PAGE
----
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Daan van der Linde

The distribution of income is paramount in discussions of the res publica. Two normative arguments justify public concern over the distribution of income: one departing from concerns over social welfare, justifying public intervention on grounds of equity; while a second views redistribution of income as the solution to a market failure, justifying such intervention on grounds of efficiency. Although historically redistribution followed from charity, it is unlikely that charity sufficiently redistributes income, as the distribution of income represents a public good. Redistribution following from a democratic system, whereby states intervene in the income distribution through tax-and-transfer systems, brings forth the question of how much states should redistribute. Large national variation in tax-and-transfer systems exists, yet all countries devote a substantial share of tax revenues to income transfers. The main theory explaining variation across countries is critiqued with regard to its empirical success, and two new arguments explaining deviations from theory are introduced, based on the perceptions of voters.

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Brigitte Unger and Daan van der Linde

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Edited by Brigitte Unger and Daan van der Linde

Although the practice of disguising the illicit origins of money dates back thousands of years, the concept of money laundering as a multidisciplinary topic with social, economic, political and regulatory implications has only gained prominence since the 1980s. This groundbreaking volume offers original, state-of-the-art research on the current money laundering debate and provides insightful predictions and recommendations for future developments in the field.
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Edited by Brigitte Unger, Daan van der Linde and Michael Getzner

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Brigitte Unger, Loek Groot and Daan van der Linde

This introduction aims to provide a framework to address not only the normative question on what ought to be the character and business of government (or any other public authority), but also to positively evaluate shifts between private and public roles in recent history. Historical evaluations of the balance between market, state and society may serve as an alternative for models arguing that the ‘right’ configuration exists: why did current tasks evolve the way they did, and what can be learned from the past? Changes in technology or in the economic environment (such as the emergence of the European Union and globalization) can be held responsible for shifts in the optimal allocation between the public and private sphere, but there might also be a major shift of preferences regarding what should be public or private. Although it is hard to claim that the pendulum in the division between public and private, or market and government, has begun to reverse its swing, we feel it is important to give an account of the public sector in order to better understand what is at stake.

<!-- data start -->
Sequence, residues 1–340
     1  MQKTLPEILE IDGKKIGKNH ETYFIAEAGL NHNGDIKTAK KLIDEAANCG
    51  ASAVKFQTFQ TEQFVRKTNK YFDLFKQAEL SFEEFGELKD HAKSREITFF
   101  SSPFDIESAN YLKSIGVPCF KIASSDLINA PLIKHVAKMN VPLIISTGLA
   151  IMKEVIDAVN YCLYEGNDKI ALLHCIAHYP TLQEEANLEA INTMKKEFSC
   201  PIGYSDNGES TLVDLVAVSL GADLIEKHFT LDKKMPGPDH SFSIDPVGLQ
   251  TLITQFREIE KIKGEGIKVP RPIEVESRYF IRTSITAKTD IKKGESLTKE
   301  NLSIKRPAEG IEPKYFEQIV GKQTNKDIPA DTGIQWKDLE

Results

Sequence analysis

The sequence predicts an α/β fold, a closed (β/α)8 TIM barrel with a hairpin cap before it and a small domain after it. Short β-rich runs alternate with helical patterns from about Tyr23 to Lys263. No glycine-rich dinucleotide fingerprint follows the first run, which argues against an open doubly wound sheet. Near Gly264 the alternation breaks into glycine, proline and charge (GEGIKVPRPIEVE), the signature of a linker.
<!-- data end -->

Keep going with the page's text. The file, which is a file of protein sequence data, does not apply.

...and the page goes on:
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Brigitte Unger, Michael Getzner and Daan van der Linde

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Public or Private Goods?

Redefining Res Publica

Edited by Brigitte Unger, Daan van der Linde and Michael Getzner

The book explores the core public tasks that the state has traditionally provided but which increasingly are being privatized and subsumed by the private sector. The night-watchman state role of providing security is instead offered by private prisons and security guards. Legitimized by the argument of efficiency gains, social security including public housing, pensions, unemployment insurance and health care are all being gradually privatized. This book argues that on the basis of efficiency, morality and equality there is still an overwhelming need for public intervention – the res publica. Although the state still funds and regulates core domains, it provides fewer and fewer visible goods. The authors show how this apparent invisibility of the state presents serious challenges for both income equality and democracy.